After you’re familiar with the steps of the naturalization process, you’re ready to hunt down your forebears’ records. Begin searching the FamilySearch Wiki for Online Searchable Naturalization Indexes and Records, which has links organized by state.
Before 1906, your ancestor could go to any courthouse to become a citizen-he could even begin the process in one court and finish it another. Check municipal, county, state and federal courthouses where the immigrant arrived or settled. Many of these records and the indexes have been microfilmed.
In the FHL’s online catalog, do place searches for the state and county (city, too, if it’s a large urban area), then look under Naturalization and Citizenship. City, county, regional or state archives also could hold your ancestor’s records.
Although courts had to file copies of naturalizations with INS after 1906, USCIS isn’t the first place to look for your ancestor’s records. Begin with the FHL, doing the same type of search as for pre-1906 records. Fee-based websites Footnote and Ancestry.com have collections of naturalization records worth searching, as well.
Then try the National Archives and Records Administration (NARA). NARA’s regional facilities hold naturalizations from federal courts; you can learn more about each branch’s holdings on the web site archives.gov/locations and in the December 2005 Family Tree Magazine. (Note that NARA’s Washington, DC, headquarters has naturalization records only from federal courts in that city.)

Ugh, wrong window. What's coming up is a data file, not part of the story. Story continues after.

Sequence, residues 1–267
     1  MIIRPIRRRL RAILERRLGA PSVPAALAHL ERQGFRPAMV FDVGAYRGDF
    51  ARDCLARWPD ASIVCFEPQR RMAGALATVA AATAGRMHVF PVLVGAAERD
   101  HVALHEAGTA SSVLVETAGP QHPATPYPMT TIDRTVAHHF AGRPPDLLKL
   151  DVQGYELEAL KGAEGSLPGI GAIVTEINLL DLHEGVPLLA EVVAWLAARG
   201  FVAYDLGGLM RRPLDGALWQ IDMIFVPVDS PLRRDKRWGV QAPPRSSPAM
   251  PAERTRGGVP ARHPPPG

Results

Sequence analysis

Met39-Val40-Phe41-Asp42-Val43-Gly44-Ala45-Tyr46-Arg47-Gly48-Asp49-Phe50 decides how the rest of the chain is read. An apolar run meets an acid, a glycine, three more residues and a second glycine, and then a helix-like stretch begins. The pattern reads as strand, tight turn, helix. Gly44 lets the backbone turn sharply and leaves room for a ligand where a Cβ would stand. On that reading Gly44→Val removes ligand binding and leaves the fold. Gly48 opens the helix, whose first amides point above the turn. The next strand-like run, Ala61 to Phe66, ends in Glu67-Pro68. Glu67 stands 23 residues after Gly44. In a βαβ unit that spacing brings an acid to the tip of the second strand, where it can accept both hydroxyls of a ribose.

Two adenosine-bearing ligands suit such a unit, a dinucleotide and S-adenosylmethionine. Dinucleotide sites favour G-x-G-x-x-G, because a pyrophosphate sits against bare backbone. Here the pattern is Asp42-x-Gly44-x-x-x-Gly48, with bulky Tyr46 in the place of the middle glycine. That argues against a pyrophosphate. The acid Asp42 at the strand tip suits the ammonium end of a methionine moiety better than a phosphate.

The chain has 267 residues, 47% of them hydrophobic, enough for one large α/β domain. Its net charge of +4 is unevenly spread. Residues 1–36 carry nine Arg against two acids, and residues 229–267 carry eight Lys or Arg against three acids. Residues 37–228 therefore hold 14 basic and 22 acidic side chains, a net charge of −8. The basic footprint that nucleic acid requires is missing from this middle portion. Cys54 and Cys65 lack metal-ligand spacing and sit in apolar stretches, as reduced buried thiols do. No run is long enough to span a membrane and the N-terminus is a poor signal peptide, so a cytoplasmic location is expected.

As a last resort, send a Freedom of Information/Privacy Act request using Form G-639 to the USCIS National Record Center. If the person is still living, you’ll need to provide notarized permission to obtain the records. If your ancestor was born less than 100 years ago, you’ll need to provide proof of death. The first 100 pages of the file (if only!) will be copied for free. After you send your request, forget about it. Seriously-it can take several months to get a response.
Besides a declaration and petition, your ancestor could’ve generated a few other types of records during the naturalization process. Between 1906 and the early 1940s, INS created certificates of arrival: When an immigrant applied for citizenship, officials would check the ship’s manifest to verify legal admission.
If INS was able to find the arrival record, the agency would then issue the certificate and send it to the court where the alien applied for citizenship. If your ancestor has a certificate of arrival, it should be on file with the naturalization record. It will list the port of entry, the date and the name of the ship.